ON THIS PAGE: You will find information about the number of women who are diagnosed with ovarian, fallopian tube, and peritoneal cancer each year. You will read information about surviving the disease. Remember, survival rates depend on several factors. Use the menu to see other pages.
This year, an estimated 22,280 women in the United States will be diagnosed with ovarian cancer, and the vast majority of these are high-grade serous ovarian cancers (HGSC), which begins in a fallopian tube.
It is estimated that 14,240 deaths from this disease will occur this year. Combined, cancer of the ovaries, fallopian tubes, and peritoneum are the fifth most common cause of cancer-related death in women in the United States.
The 5-year survival rate tells you what percent of women live at least 5 years after cancer is found. Percent means how many out of 100. The 5-year survival rate for women with all types of ovarian and fallopian cancer is 46%. The 10-year survival rate is 35%. However, the rate varies widely depending on age of the woman, as well as the stage and grade of the cancer. Women under 65 have a 5-year survival rate of 58%. The survival rate of women 65 and older is 28%.
If ovarian and fallopian tube cancers are diagnosed and treated before they spread outside the ovaries and tubes, the general 5-year survival rate is about 90%. Approximately 15% of cases are diagnosed at this stage. If the cancer has spread to surrounding tissues or organs, the 5-year survival rate is 75%. If the cancer has spread to a distant part of the body, the 5-year survival rate is 30%.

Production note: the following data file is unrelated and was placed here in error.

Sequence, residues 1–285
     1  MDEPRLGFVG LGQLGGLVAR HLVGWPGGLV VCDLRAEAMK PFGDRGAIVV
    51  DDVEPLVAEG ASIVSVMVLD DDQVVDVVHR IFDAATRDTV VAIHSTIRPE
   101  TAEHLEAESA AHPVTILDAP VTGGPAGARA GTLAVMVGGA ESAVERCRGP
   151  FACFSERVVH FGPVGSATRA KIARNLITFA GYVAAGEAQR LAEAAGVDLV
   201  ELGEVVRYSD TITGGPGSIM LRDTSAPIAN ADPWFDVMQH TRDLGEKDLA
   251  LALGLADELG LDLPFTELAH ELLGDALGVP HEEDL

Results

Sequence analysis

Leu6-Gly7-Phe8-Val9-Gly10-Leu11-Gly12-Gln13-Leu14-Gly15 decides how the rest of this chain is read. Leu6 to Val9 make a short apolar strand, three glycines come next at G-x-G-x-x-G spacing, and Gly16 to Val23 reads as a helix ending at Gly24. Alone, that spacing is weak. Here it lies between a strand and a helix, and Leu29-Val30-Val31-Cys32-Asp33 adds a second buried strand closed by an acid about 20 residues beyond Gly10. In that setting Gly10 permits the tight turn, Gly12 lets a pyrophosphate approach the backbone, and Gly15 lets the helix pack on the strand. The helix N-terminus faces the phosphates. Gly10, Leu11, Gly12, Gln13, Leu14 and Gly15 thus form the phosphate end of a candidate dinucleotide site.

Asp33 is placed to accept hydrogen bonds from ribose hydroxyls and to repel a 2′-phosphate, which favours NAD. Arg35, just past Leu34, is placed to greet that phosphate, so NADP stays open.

It is important to remember that statistics on the percent of women who survive ovarian, fallopian tube, and peritoneal cancer are an estimate. The estimate comes from data based on women with these cancers in the United States each year. Your own risk may be different. Doctors cannot say for sure how long any woman will live with ovarian, fallopian tube, or peritoneal cancer. Experts measure the survival statistics every 5 years. So the estimate may not show the results of better diagnosis or treatment available since the previous 5 year analysis. Learn more about understanding statistics.
Statistics adapted from the American Cancer Society's (ACS) publication, Cancer Facts & Figures 2016, the ACS website, and the National Cancer Institute.
The next section in this guide is Medical Illustrations. It offers drawings of body parts often affected by this disease. You may use the menu to choose a different section to continue reading in this guide.